Google is not the all seeing omnipresent Goomba of the Internet. How do you suppose they will know what happens on your site once a visitor gets there? Are you making the assumption that Google Analytics (GA) is a Google Search spy?
Seriously, people give Google far too much power even if it is sometimes only in their mind. Google will not know that someone has left your site unless they back-arrow to the SERPs.
Now onto something far more serious. If you want people to come back to your site, do not make them feel burned. Pop-ups for conversion when a user lands on a page is a sure fire way of getting that famed back-arrow. It is kinda like a particular finger in the air.
If you want to effect bounce rate, do not look to tricks, but do honest hard work and attract the exact right searcher for your page. Keep it simple. Conversion only happens when the user is happy and not deceived.
To answer your question, Google will only count a bounce if it is a bounce. What you described is not a bounce. It is an exit.
Okay. For Google Search and Google Analytics, you have to think differently. For GA, here is how Google defines bounce and exit according to this link.
1] For all pageviews to the page, the Exit rate is the percentage that were the last in the session.
2] For all sessions that start with the page, Bounce rate is the percentage that were the only one of the session.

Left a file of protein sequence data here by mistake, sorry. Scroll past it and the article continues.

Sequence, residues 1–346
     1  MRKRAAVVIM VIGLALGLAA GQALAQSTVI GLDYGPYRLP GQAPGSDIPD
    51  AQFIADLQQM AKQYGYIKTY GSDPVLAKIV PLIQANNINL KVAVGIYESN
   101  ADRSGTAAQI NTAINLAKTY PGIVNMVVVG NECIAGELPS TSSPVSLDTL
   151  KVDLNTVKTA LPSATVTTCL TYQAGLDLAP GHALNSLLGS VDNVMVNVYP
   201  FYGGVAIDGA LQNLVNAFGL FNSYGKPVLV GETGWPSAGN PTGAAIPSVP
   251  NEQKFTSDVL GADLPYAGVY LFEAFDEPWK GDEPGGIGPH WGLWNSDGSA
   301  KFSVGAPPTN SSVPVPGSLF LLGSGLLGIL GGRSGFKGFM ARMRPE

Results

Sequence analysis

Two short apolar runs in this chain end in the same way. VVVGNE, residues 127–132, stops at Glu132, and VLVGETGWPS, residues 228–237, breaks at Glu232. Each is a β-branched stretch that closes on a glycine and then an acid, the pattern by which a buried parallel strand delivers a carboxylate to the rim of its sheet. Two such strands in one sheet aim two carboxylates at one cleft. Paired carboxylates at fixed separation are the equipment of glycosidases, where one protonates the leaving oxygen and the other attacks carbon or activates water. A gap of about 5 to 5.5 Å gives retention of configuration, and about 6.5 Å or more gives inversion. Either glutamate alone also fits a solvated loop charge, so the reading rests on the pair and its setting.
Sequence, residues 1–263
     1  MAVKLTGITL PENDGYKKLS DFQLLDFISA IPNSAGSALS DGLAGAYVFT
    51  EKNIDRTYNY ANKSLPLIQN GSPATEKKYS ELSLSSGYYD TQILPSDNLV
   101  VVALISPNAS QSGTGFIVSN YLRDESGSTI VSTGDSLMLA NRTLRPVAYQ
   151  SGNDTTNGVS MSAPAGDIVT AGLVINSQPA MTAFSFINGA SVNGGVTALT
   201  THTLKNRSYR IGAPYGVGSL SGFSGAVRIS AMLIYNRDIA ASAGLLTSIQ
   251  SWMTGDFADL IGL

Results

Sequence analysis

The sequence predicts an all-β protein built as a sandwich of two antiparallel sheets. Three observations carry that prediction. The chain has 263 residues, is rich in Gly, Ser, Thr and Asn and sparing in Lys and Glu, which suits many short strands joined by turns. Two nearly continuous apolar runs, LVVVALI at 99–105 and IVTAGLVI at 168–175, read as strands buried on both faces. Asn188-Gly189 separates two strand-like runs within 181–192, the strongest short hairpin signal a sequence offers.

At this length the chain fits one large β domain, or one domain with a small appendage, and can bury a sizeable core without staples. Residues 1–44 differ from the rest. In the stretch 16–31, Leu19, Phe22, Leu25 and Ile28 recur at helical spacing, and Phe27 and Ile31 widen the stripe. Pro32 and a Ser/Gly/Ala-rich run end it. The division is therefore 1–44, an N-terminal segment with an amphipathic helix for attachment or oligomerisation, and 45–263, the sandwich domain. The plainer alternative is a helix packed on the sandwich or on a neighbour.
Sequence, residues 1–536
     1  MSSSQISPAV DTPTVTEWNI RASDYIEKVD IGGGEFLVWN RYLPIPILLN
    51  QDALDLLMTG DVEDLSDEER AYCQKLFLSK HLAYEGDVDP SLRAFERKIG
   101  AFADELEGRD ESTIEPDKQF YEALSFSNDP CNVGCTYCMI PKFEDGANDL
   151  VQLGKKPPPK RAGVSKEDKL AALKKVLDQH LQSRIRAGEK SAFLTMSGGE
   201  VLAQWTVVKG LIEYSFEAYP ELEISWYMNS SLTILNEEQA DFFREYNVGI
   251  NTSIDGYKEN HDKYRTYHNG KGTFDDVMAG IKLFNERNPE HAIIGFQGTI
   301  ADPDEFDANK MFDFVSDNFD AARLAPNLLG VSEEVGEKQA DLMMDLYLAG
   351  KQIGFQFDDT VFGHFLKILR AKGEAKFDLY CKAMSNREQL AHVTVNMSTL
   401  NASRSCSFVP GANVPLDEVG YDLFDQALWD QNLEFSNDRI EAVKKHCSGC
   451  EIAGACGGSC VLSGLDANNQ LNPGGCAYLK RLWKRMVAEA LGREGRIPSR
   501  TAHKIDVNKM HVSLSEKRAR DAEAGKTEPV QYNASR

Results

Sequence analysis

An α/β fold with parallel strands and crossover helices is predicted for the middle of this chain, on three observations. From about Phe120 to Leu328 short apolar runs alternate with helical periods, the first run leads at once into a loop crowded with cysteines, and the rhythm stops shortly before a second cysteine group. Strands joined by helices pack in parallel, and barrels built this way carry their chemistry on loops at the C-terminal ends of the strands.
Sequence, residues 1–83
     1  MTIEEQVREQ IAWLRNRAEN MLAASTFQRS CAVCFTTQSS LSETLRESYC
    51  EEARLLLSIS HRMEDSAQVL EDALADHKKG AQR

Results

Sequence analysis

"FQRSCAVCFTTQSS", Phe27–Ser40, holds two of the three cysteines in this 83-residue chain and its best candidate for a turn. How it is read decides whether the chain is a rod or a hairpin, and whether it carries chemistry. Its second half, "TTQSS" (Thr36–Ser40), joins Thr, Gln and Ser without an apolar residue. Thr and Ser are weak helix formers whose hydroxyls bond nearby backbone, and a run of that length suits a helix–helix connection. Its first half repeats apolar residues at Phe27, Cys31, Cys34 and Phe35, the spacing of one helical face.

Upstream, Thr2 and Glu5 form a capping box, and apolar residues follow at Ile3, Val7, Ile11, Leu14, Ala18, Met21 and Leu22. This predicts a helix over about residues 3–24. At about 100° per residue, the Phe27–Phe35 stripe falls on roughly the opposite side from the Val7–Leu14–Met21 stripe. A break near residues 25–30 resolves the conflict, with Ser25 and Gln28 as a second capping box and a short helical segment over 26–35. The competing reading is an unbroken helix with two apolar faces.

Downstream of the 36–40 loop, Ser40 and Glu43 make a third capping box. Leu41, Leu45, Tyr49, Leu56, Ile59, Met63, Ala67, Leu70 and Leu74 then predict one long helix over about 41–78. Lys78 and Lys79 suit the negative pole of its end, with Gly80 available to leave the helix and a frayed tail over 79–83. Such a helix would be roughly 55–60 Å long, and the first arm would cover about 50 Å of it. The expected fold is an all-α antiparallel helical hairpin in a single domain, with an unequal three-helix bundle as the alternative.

3] The Bounce rate calculation for a page is based only on sessions that start with that page.
If that is not confusing, I am not sure what is. Read the linked page and you will see that Google's definition of a bounce does not fit the rest of the world.
Where with Google Search, bounce as defined above cannot be determined and often just means a return to the SERPs within a short period of time sometimes defined as less than 10 seconds.
Using your example, in GA a click on your pop-up would be a bounce though I am not sure that would be fair. It would result in a high bounce rate (assuming I read their example correctly). There is a lot of discussion as to how Google defines a bounce in search and GA where it is clear that the GA bounce rate is a poor indicator of performance. However, the same discussion regarding bounce rate in search seems to be more nuanced allowing it to be a factor in a set of metrics where an extremely high bounce rate can indicate high quality over a very low bounce rate where it is assumed that the information sought was not found on the landing page.